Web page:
One of the interesting subplots around Nigeria’s upcoming friendly against Algeria (if it holds any kind of intrigue at all, considering) is the return of the influential Wilfred Ndidi to the international fold.
Is Wilfred Ndidi still good enough to start in midfield for Nigeria?
The Leicester man is set for a return to the international fold, but things have changed quite a bit since his last involvement at the Africa Cup of Nations
The Leicester man will be introduced to Jose Peseiro for the first time this window, having missed out on the Portuguese manager’s first set of assignments. A tranche of four matches in late May and early June allowed the former Venezuela and Sporting Lisbon boss properly get his feet under the table.
Having navigated those games without the benefit of Ndidi, Peseiro will finally have the option of selecting the 25-year-old who for so long has been a stalwart of the Nigeria midfield and an irreplaceable presence.
Except that may no longer be the case.
Taken as a whole, 2022 has been a disappointing year for Wilfred Ndidi. The midfielder has struggled for fitness, years of chronic mismanagement and overuse at club level finally coming home to roost.
Having beaten the odds for so long, the bill was bound to come due at some point. Whatever people say, no one actually has more than two lungs, and the sheer volume of work Ndidi has had to get through for years without proper rest and support has led to this.
So far this term, the Nigeria international has looked a shadow of himself, going through the motions but lacking the same degree of effectiveness. Some of that is a byproduct of the pervasive dysfunction at Leicester, to be fair. However, getting caught in possession and giving away clumsy fouls are, to an extent, individual failings of which Ndidi has been guilty. If you are not part of the solution, you’re part of the problem.
International football then should offer a measure of respite. After all, Ndidi is one of a few whose output for the Super Eagles has remained fairly constant for years, regardless of club form. At the Africa Cup of Nations at the start of the year, he was unmistakably one of the outstanding performers up until elimination in the Round of 16 at the hands of Tunisia, and a causative line can be drawn from his absence during the two-legged World Cup play-off against Ghana in March to Nigeria’s failure to book a place in Qatar.
Times have changed, however. In his absence, the furniture has moved around quite a bit: not only is there a new coach in charge, but the reinvention of Alex Iwobi as a central midfielder has complicated things further.
Since taking the reins, Peseiro has been partial to a 4-4-2 shape, with an uber-attacking midfield pairing of Iwobi and Joe Aribo starting the first three matches and Oghenekaro Etebo coming in for the Southampton man in the drubbing of Sao Tome.
Peseiro has defended this bold tactic by stating his commitment to attacking football, and is clearly willing to accept a measure of defensive vulnerability if it means his team will consistently create chances. Within this framework, there is no dedicated no.6: the two central midfielders take turns both in terms of receiving the ball from the defenders and supporting the attackers.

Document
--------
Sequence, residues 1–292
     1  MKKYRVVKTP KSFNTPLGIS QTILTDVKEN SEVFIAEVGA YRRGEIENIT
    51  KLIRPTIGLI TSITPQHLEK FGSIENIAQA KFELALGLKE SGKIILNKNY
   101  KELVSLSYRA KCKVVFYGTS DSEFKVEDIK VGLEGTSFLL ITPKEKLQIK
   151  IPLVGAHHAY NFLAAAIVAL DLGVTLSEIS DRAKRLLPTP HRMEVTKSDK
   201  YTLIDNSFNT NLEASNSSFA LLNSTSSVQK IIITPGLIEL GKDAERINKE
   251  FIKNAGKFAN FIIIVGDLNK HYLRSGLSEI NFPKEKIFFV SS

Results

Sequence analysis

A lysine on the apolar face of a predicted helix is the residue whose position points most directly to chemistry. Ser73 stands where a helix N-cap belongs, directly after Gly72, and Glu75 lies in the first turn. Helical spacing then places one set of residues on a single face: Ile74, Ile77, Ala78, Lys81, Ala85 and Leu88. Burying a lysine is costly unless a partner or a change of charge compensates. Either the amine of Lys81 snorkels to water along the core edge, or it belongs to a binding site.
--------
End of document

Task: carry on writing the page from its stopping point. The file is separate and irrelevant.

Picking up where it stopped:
If you’re thinking this does not sound like Ndidi, you’re correct. While earlier on in his career the Leicester man would occasionally sortie forward, his role and inclinations have shifted markedly toward the more defensive aspects as time has progressed.
The main objective of this has been to maximise his ball-winning and reading of the game, but some of it is to do with masking his weaknesses in possession. Build-up play is by no means a strength of his, a fact that is mitigated by the presence of Youri Tielemans alongside in the Foxes’ midfield. It is the Belgian who more frequently shows for the ball to get the team moving forward; Ndidi’s passing is mostly geared toward retention.
Peseiro wanting his team to attack quickly through the thirds immediately calls into question the Leicester man’s utility in midfield. It would be foolhardy to dismiss him out of hand (this is a hugely talented footballer, after all), but a starting place for the national team is by no means a given, especially if Peseiro is minded to make his own judgements and disregard previous service.
The absence of Aribo may well offer Ndidi a measure of respite, in any case. However, it is worth noting that Etebo did impress against Sao Tome, crashing a free kick off the crossbar, and that a maiden call-up has been handed to Club Brugge’s Raphael Onyedika, who while less experienced is a more expansive presence.
Indeed, all things considered, the likeliest role for Ndidi at this point might very well be at the heart of the defence, where those who have been called up have asterisks against their names. Between them, William Troost-Ekong, Valentine Ozornwafor, Kenneth Omeruo and Chidozie Awaziem have played 1550 minutes (the equivalent of 17 matches) in total this season, and it is not altogether clear what the returning Kevin Akpoguma even is.
With Calvin Bassey more or less established as first choice on the left of the centre-back pairing, the other role is up for grabs. It is one that Ndidi is somewhat familiar with, as he started out playing centre-back and has filled in there on numerous occasions for Leicester. Granted, the results have been mixed, but it may very well be that is where Nigeria’s best midfielder gets in at this time.
If he were to win over Peseiro, and in the process a place in midfield, it would genuinely be the most impressive thing Ndidi has done this season.